Edwidge Danticat on Haiti Earthquake Devastation January 29, 2010Posted by Jill S. Schneiderman in Buddhist concepts, Haiti.
In Brother, I’m Dying, writer Edwidge Danticat retold the heartbreaking story of her Uncle Joseph’s detention and death, and his son Maxo’s attempt to save him. Danticat has a piece in the Comment section of this week’s New Yorker, “A Little While,” in which she pays tribute to her cousin Maxo who died after being crushed beneath a building that fell during the Port-au-Prince earthquake.
In my first post after the Haitian earthquake, I asked the question “Why not me?” in regard to the issue of abrupt change. Her moving words in The New Yorker reflection speak volumes about about kindness, chance, and impermanence:
The day that Maxo’s remains were found, the call came with some degree of excitement. At least he would not rest permanently in the rubble. At least he would not go into a mass grave. Somehow, though, I sense that he would not have minded. Everyone is being robbed of rituals, he might have said, why not me?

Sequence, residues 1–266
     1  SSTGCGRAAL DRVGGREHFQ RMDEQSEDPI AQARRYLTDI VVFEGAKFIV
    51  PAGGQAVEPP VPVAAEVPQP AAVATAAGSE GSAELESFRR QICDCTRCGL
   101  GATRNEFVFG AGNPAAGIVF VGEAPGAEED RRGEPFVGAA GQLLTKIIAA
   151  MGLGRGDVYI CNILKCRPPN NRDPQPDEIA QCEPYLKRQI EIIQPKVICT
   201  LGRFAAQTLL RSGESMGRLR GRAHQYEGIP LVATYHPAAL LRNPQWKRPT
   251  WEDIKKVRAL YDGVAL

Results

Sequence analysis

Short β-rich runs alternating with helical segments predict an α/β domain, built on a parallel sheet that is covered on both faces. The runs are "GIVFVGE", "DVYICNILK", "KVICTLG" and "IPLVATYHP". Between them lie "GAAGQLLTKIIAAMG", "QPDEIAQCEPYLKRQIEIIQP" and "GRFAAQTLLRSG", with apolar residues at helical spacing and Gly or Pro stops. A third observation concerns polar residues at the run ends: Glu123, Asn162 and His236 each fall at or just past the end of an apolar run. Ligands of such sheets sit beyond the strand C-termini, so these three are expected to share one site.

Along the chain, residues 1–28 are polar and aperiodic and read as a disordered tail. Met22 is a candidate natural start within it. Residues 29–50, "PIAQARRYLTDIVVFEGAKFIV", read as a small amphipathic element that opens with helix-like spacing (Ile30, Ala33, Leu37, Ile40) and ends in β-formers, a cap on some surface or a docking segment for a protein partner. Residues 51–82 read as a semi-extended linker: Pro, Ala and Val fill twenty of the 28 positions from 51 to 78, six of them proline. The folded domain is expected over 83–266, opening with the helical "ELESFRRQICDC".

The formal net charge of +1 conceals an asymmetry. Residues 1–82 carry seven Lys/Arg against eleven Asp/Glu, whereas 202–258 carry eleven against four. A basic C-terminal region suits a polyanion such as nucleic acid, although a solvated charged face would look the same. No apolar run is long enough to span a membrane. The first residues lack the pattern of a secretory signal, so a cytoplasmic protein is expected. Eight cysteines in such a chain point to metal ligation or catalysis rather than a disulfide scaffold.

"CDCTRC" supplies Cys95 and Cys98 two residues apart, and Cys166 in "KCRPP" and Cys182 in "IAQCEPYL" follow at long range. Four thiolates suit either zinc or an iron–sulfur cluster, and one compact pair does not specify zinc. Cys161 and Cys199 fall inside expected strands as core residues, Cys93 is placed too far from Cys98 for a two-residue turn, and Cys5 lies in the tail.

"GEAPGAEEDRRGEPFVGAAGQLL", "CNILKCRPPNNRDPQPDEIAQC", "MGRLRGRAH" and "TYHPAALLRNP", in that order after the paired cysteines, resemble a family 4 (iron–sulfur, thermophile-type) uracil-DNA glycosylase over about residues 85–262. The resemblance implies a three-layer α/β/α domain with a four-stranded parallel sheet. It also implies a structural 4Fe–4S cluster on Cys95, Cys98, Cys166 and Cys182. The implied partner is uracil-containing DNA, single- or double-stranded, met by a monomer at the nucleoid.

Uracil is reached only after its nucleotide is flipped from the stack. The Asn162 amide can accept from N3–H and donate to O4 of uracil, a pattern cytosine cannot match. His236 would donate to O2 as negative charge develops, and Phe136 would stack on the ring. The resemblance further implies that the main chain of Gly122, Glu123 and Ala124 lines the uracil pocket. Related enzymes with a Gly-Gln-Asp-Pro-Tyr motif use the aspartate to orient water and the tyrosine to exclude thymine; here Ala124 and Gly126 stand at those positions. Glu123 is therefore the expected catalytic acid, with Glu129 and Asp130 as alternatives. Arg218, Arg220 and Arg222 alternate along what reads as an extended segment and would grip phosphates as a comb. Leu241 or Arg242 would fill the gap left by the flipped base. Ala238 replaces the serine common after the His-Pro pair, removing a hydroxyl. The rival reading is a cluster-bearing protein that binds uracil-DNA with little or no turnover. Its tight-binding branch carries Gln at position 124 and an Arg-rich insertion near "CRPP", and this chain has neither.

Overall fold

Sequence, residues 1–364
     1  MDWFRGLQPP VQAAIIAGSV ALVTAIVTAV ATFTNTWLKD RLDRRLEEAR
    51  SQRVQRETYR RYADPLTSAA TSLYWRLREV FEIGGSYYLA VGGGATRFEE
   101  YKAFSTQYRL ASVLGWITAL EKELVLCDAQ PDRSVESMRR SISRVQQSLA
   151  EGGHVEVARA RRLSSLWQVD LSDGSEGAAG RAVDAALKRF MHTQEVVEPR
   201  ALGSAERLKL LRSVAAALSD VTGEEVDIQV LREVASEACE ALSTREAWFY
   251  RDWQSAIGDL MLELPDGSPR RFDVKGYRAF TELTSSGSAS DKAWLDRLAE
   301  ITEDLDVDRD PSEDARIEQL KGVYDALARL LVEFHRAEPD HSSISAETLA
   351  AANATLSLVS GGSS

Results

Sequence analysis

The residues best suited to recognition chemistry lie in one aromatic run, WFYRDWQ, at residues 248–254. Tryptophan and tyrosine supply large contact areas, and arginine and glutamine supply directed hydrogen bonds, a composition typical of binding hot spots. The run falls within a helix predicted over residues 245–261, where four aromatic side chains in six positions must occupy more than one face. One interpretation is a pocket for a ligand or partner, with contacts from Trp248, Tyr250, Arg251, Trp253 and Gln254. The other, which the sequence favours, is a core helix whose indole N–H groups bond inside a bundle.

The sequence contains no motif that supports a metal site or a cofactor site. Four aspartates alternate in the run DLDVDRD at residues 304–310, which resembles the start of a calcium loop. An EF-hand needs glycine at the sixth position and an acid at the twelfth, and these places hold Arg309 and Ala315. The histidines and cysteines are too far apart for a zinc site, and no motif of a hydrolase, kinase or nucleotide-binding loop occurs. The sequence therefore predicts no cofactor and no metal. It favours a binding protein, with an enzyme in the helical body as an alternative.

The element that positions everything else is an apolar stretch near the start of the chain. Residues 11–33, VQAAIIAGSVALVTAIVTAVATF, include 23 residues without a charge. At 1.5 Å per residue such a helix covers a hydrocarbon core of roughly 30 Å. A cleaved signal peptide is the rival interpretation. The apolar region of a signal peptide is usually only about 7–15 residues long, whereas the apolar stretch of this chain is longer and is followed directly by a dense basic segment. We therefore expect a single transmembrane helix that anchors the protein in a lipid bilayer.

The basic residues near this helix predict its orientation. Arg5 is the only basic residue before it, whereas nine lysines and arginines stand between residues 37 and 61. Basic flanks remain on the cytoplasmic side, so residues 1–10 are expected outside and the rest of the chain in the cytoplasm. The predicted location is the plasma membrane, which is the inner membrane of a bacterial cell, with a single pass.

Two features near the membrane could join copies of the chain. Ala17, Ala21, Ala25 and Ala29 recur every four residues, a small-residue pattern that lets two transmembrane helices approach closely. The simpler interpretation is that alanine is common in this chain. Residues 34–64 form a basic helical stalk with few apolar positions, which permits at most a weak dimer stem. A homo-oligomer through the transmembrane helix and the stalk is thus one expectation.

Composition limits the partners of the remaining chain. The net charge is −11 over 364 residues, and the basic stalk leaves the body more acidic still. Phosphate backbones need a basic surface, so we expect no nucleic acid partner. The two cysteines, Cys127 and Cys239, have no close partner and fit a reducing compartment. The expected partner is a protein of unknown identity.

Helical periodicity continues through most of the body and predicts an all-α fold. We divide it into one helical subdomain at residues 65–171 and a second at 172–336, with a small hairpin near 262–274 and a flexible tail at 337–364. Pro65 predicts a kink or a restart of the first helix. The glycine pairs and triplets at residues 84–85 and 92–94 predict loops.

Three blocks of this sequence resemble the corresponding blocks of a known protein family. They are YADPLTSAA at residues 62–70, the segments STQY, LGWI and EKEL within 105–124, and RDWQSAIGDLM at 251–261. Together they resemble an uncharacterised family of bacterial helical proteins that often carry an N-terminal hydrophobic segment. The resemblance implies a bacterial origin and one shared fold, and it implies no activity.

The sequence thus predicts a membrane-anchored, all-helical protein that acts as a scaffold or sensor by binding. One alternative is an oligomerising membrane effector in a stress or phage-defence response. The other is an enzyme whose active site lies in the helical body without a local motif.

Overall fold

By the time Maxo’s body was uncovered, cell phones were finally working again, bringing a flurry of desperate voices. One cousin had an open gash in her head that was still bleeding. Another had a broken back and had gone to three field hospitals trying to get it X-rayed. Another was sleeping outside her house and was terribly thirsty. One child had been so traumatized that she lost her voice. An in-law had no blood-pressure medicine. Most had not eaten for days. There were friends and family members whose entire towns had been destroyed, and dozens from whom we have had no word at all.
Everyone sounded eerily calm on the phone. No one was screaming. No one was crying. No one said “Why me?” or “We’re cursed.” Even as the aftershocks kept coming, they’d say, “The ground is shaking again,” as though this had become a normal occurrence. They inquired about family members outside Haiti: an elderly relative, a baby, my one-year-old daughter.
I cried and apologized. “I’m sorry I can’t be with you,” I said. “If not for the baby—”
My nearly six-foot-tall twenty-two-year-old cousin—the beauty queen we nicknamed Naomi Campbell—who says that she is hungry and has been sleeping in bushes with dead bodies nearby, stops me.
“Don’t cry,” she says. “That’s life.”
“No, it’s not life,” I say. “Or it should not be.”
“It is,” she insists. “That’s what it is. And life, like death, lasts only yon ti moman.” Only a little while.